Mount your scrap somewhere within the bath, but make sure that the wire from the power supply isn't in the lemon juice. If it is then the wire will start to dissolve, and you'll end up copper-plating the piece you want to anodize.
Step 3: Cleaning out the lemon
Stick a piece of scrap aluminium in as the Anode (the other end, +ve, where your work will go later) and insert it into the bath.
Once again make sure that the wire doesn't come into contact with the solution.
Run it for 5 or so minutes. You should see some bubbles form, and the colour might change.
- If it goes green, then you've got some copper in there somehow.
Ideally it will look the same, but when you take out the Anode, you'll see some scum has built up on it. (As well as bubbles)
Take your scrap off the Anode, you're now ready to anodize your actual part.
Step 4: Anodising your part
The way I did it was by only inserting half the piece, and every ten minutes or so rotating it, so it ended up coating evenly enough.
Any part that touches the bottom or sides of the container also will not be anodized.
Run it. Let your piece sit in the bath for an hour or more.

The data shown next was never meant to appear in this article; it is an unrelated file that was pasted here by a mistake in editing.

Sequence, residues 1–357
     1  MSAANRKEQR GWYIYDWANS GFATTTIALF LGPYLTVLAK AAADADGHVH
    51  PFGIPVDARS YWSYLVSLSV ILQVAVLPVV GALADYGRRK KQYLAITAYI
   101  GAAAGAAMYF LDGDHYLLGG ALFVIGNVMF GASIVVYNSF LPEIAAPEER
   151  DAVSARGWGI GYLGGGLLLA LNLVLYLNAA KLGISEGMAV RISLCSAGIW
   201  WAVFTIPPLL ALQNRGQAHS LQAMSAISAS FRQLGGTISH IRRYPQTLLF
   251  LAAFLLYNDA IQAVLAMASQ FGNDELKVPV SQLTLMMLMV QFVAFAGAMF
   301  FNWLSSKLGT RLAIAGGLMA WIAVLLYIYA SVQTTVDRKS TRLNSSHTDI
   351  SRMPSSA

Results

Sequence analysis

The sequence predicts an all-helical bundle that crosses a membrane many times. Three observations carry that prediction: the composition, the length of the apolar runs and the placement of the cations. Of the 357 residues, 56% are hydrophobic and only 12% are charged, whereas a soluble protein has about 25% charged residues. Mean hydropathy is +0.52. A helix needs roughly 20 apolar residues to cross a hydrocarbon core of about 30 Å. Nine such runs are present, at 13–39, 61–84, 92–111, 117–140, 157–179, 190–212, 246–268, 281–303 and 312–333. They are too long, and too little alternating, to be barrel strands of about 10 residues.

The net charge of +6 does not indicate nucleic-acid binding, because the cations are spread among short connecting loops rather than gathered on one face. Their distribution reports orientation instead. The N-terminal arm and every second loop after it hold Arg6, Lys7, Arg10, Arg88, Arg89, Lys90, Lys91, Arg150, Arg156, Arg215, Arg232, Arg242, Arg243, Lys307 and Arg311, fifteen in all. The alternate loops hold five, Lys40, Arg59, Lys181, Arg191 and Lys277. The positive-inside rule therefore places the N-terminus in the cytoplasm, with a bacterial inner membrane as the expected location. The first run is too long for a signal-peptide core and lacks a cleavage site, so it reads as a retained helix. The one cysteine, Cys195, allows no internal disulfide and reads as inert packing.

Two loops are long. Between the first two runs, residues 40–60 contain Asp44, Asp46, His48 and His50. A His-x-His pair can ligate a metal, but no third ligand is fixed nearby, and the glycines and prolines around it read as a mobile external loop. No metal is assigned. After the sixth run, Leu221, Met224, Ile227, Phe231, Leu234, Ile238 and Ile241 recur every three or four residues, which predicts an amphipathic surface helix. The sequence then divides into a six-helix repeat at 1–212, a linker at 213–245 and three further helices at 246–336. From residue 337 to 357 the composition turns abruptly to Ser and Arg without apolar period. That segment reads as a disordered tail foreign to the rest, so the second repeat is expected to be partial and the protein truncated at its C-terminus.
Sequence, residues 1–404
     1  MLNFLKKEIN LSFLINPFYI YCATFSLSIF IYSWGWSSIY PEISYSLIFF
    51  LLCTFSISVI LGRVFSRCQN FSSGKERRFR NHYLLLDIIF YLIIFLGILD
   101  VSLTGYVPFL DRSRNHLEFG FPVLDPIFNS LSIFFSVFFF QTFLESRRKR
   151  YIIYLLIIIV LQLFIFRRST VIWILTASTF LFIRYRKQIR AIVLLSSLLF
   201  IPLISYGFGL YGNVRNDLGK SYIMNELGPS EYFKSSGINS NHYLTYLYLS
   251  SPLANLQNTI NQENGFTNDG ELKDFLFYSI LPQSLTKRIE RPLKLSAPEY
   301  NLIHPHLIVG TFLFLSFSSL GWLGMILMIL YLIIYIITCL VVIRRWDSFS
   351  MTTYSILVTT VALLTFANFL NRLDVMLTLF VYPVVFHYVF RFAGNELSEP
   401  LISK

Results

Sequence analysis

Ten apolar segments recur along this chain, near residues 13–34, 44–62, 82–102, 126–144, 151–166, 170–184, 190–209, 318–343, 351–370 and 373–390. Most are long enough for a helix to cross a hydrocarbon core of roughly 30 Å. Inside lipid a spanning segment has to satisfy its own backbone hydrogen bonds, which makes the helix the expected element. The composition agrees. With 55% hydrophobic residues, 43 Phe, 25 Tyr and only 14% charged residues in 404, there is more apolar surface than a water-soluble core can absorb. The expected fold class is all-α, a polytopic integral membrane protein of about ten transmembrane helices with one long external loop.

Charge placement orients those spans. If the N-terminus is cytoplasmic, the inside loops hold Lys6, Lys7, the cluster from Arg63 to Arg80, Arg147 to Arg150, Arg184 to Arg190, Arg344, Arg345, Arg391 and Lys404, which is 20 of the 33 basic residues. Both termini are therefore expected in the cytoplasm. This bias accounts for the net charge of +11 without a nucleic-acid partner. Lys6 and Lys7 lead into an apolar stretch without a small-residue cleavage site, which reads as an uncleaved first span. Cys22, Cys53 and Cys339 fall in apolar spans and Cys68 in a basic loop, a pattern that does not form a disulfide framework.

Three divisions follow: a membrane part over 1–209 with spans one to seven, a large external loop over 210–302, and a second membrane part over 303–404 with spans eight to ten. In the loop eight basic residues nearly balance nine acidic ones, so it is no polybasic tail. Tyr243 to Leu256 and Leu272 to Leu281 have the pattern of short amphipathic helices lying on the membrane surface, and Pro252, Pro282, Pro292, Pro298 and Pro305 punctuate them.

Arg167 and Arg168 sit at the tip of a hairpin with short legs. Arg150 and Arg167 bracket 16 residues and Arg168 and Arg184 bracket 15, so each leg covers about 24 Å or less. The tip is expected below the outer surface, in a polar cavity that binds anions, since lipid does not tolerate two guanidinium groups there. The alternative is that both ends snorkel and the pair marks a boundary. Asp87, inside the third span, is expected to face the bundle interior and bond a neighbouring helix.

- Bubbles will form. This is normal, and it is the formation of Oxygen gam at the Anode that makes the process work.
- Your solution may heat up as well. This isn't desirable as it will cause different speed plating, and so different size 'pores.' The only way I can see to offset this is to only run it for shorter periods at a time, and have a big container that will hold coolness for longer. I never noticed this as a problem, but if you are doing it commercially it might be.
If you remove the part from the bath and clean off the bubbles you will see that the object has gone matte. This is because the surface is now pitted with tiny little holes in a layer of the darker Aluminium oxide. When the layer is only thin, this can be scratched off with anything metal. When it is thicker it still can, you just don't notice it so much!